Okay, so that was a mess. The "fix" that I implemented in v0.2 was super buggy, and trying to fix it was like trying to make water run uphill. I was basically trying to make the engine do something that it absolutely DOES NOT want to do. That's not to say it was impossible, but far more trouble than what it was worth. So I came up with an alternative solution.

The main problem surrounding "Rage" and "Stalking" was that they weren't worth spending a turn to activate. Yeah, that changes later in the game when you unlock more skills, but these are the characters primary Action Skills. They should be at least SOMEWHAT useful as soon as you unlock them. My initial solution of having them not cost a turn to activate WOULD have been fine, but it's not the only solution.

To that end, I've changed the functionality of "Stalking" entirely. Instead of just a straight damage buff, "Stalking" will now completely conceal the Hunter from enemies, preventing him from being targeted at all until his next attack lands. Even if he's the only one still standing. Even if there's a technique that targets everyone. He simply cannot be targeted. There is still a tier 1 skill that DOES give "Stalking" a damage buff, but the skill itself is not focused on that. This should give the skill much more usefulness, and make it worth spending a turn to activate even at low levels. This also may be pretty broken at later levels, so I may need to do some balancing later, but I'll get to that.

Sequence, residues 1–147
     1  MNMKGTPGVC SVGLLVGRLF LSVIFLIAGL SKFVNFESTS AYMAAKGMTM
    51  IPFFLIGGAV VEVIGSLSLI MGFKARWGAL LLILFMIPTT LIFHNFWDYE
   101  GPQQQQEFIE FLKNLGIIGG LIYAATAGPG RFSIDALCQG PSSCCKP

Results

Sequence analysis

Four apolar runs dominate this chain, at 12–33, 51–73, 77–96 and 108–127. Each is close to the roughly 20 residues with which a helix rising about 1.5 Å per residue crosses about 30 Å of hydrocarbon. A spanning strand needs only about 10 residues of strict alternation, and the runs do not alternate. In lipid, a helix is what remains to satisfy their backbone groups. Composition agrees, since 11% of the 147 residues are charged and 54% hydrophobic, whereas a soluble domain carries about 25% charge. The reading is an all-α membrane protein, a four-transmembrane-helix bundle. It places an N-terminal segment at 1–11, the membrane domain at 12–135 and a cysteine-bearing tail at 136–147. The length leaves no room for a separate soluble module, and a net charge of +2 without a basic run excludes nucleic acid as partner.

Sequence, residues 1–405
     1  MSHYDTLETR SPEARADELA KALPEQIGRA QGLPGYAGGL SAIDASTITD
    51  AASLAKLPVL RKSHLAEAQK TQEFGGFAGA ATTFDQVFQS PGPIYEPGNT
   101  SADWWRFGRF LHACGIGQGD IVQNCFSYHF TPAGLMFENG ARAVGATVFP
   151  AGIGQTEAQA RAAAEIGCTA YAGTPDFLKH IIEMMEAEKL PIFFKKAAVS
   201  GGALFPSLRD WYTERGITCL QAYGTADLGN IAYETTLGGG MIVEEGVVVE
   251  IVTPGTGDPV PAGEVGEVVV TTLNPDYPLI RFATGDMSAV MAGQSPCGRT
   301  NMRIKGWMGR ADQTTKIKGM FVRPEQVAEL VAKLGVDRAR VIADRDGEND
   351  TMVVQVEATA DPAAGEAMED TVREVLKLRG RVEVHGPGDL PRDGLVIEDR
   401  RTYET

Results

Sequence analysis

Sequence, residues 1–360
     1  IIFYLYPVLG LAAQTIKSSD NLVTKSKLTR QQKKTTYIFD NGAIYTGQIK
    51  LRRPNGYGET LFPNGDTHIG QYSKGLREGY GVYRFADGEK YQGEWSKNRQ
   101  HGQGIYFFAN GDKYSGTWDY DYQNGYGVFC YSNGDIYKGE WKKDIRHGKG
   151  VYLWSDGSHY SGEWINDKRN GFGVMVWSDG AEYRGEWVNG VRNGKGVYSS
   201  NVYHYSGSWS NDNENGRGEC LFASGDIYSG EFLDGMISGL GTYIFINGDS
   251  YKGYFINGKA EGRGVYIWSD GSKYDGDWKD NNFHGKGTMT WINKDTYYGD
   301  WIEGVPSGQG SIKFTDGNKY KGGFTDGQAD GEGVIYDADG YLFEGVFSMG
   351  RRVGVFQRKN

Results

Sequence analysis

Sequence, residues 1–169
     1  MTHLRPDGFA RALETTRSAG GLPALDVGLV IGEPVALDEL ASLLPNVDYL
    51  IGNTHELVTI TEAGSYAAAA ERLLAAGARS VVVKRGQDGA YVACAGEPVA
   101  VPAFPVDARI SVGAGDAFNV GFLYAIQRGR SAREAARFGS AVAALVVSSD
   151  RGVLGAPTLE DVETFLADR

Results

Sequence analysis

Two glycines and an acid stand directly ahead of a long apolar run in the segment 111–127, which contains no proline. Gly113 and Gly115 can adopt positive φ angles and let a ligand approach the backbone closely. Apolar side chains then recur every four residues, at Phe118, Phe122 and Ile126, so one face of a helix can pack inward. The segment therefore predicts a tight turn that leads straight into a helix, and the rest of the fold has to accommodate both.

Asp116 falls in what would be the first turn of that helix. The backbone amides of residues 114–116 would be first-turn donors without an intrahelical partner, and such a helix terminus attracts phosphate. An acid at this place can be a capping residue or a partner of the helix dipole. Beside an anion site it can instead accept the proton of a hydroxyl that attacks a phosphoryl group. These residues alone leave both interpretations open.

As for "Rage," nothing fancy. The damage and dexterity buffs are actually pretty good on their own, especially when paired with Overdrive techniques, but the main problem is that they didn't last long enough. So I doubled the duration of "Rage," and increased the duration buffs of some of his skills. Now it doesn't just last for 3 or 4 rounds of combat, and you should get a lot more mileage out of the skill.

While this wasn't the initial solution I wanted, part of game development is thinking outside the box and coming up with innovative ways of fixing a problem, even if the solution isn't what you thought it would be. Essentially, just because a problem presents itself doesn't mean that's the actual problem. It may just be a symptom, and the real problem lies somewhere else. The problem wasn't that these skills don't activate right away, the problem was that they weren't worth spending a turn on. Instead of addressing the symptom, I just made them worth the turn you have to spend on them. Hopefully this works out, but let me know your feedback, and thanks for your patience. Happy looting!
Red_Nova
Sir Redd of Novus: He who made Prayer of the Faithless that one time, and that was pretty dang rad! :D
9192
I gave the demo a try on stream yesterday. Overall, I enjoyed the game once I got past the intro. The loot system was interesting and kept me engaged throughout the whole run of the Bloodstone mines. It's great that each piece of equipment wasn't just a straight upgrade or downgrade, but allows for more in-depth customization of your party, and finding new pieces of gear forced me to adapt to new strategies.